Shelf-Stable Food to Pack for Lunch

No worries with these foods.  They can stay at room temperature. Try some of the following for lunches and snacks:


Breads and grains:  various breads (including multi-grain), bagels, pita, crackers, single-serving  boxes of cereal, trail mix, energy bars, granola bars, and cereal bars,  popcorn, chips, or pretzels


Raw vegetables: carrot and celery sticks; broccoli flowerets, cauliflower buds, pea pods


Raw fruits:  grapes, cherries, raisins, single-serve applesauce, whole apples, other whole fruits (bananas, peaches, pears, plums, oranges), dried fruit or dried fruit mix; flip-top cans of fruit cocktail, fruit juice cartons


Dairy and dairy alternatives: soy or rice milk (if in asceptic, single-serve boxes); single-serve pudding cups (if they are sold as shelf-stable, were not taken from the store’s refrigerated cooler, and are labeled “no refrigeration needed”), individually portioned (3 oz.) tuna cans with easy-open tops 


Protein sources: nuts, peanut butter sandwiches (or with jelly or jam), single-serve packages of peanut butter and crackers (Be aware, however, that most schools have barred peanut butter due to serious allergies in the school population. It’s best to check with your child’s school before sending your child to school with peanuts or peanut products.)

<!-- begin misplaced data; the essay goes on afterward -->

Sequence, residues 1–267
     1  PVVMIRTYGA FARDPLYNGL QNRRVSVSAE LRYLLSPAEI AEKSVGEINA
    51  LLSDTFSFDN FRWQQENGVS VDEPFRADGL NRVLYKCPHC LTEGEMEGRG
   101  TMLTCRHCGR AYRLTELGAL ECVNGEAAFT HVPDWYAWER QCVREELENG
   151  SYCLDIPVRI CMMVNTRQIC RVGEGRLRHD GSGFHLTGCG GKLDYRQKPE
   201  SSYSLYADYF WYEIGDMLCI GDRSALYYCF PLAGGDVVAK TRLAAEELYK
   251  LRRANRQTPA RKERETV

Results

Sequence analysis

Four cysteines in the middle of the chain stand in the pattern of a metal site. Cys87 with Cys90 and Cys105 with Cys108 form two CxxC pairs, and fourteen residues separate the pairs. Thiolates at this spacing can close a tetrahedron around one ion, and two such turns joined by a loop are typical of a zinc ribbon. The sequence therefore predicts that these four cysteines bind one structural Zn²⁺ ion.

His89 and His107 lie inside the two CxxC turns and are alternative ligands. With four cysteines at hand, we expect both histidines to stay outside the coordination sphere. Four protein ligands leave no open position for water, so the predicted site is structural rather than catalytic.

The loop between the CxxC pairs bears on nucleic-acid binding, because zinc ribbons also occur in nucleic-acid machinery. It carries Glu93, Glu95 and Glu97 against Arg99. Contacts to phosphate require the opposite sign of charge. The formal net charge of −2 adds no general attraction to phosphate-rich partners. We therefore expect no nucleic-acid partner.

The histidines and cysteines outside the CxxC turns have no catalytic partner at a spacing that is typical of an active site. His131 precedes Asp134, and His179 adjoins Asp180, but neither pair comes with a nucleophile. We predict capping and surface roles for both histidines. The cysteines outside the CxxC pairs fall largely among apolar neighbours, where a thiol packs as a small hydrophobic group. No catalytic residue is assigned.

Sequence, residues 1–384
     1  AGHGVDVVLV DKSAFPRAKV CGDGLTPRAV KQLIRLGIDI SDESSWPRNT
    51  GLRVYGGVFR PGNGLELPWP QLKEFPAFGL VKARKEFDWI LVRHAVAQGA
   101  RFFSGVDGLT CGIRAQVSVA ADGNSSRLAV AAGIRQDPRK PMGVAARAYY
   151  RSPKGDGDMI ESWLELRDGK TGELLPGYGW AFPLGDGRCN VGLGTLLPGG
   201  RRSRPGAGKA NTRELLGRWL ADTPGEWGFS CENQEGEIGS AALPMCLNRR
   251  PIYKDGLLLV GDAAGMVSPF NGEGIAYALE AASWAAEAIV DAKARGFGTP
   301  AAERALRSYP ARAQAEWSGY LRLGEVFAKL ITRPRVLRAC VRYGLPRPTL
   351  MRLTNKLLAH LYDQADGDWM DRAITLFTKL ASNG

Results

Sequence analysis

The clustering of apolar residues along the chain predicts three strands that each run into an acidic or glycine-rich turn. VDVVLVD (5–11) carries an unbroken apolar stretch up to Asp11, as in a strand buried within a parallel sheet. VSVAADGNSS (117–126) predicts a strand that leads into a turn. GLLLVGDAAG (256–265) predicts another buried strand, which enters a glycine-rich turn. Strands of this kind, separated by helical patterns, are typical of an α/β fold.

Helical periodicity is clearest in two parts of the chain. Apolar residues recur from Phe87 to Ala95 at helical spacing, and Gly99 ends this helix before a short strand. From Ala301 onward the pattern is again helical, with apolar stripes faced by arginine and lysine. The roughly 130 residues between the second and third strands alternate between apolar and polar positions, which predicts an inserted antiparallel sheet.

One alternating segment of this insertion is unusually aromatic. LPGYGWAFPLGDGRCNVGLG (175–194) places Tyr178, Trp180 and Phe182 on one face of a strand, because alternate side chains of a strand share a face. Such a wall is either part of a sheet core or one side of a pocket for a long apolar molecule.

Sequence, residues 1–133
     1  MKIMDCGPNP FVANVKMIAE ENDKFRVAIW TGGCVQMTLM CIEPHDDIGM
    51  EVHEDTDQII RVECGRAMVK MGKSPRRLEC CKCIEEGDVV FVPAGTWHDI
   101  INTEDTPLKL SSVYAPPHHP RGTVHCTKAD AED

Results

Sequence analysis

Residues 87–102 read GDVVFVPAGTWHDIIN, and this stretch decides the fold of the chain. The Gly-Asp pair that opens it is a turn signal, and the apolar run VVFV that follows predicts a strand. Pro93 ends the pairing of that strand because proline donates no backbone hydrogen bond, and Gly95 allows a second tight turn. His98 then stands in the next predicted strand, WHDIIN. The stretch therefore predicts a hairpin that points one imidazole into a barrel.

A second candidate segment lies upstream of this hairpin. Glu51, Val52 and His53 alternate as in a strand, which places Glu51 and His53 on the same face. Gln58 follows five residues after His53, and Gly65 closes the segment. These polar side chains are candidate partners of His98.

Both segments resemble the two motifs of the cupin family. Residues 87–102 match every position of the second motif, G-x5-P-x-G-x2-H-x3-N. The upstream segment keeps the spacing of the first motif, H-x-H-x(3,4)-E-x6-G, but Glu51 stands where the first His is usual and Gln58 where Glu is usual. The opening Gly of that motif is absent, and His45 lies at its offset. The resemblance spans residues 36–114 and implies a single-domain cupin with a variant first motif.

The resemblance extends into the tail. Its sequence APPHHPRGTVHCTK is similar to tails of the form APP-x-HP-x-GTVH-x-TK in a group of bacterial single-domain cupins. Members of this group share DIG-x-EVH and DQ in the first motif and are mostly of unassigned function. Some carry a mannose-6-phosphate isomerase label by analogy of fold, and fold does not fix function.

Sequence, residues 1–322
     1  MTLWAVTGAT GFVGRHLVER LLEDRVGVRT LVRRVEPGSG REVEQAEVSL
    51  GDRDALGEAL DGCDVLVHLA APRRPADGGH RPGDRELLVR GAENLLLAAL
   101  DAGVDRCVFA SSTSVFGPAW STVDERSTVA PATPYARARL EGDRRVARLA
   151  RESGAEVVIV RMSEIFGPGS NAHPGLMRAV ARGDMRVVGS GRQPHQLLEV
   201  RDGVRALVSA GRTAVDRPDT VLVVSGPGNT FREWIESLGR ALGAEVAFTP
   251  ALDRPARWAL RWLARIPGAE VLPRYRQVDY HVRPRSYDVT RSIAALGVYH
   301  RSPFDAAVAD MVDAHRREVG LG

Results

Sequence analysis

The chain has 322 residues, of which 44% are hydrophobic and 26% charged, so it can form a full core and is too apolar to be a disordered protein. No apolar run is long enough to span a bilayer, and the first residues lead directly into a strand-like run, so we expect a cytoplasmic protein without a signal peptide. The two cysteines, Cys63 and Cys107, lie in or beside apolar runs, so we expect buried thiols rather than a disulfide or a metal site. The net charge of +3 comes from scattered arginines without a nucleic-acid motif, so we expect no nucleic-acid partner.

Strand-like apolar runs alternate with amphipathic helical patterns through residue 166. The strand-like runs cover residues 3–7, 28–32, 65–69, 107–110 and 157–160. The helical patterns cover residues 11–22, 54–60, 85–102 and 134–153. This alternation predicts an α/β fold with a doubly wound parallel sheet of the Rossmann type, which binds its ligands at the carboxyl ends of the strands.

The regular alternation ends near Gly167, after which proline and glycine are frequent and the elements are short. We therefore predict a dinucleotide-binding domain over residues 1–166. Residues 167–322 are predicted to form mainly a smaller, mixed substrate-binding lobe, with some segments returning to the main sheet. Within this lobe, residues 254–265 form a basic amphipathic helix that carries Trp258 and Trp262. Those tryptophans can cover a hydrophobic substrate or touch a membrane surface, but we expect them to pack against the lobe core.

Meal muffins:   Some of these can work as  lunch entrées (for example, ham and cheese or Mexican cornbread).  Keep them in the freezer, and pack them in a lunch in the morning.  By lunchtime, they should be thawed, still chilled, and ready to eat safely.  But experiment with this method before trusting it to see how long it takes them to thaw to about 50°F, and, in very hot weather, add a frozen gel pack.  Remember, bacteria grow rapidly in the “danger zone” between 40°F- 140°F.


Desserts:  pie (not cream pie), single-serve pudding cups from the store shelf, cookies, brownies, cake without cream fillings or frostings


Condiments:  Pickles, mustard, catsup, commercial mayonnaise, and most commercial salad dressings are fine at room temperature if they are in single-serve, sealed packets. 



American Dietetic Association “Kids Deliver the Lunchbox Lowdown”


Emergency Food Cache and Sack Lunches “Foods Safe to Keep Unrefrigerated”


Susan Brewer, Ph.D. University of Illinois, Department of Food Science and Human Nutrition


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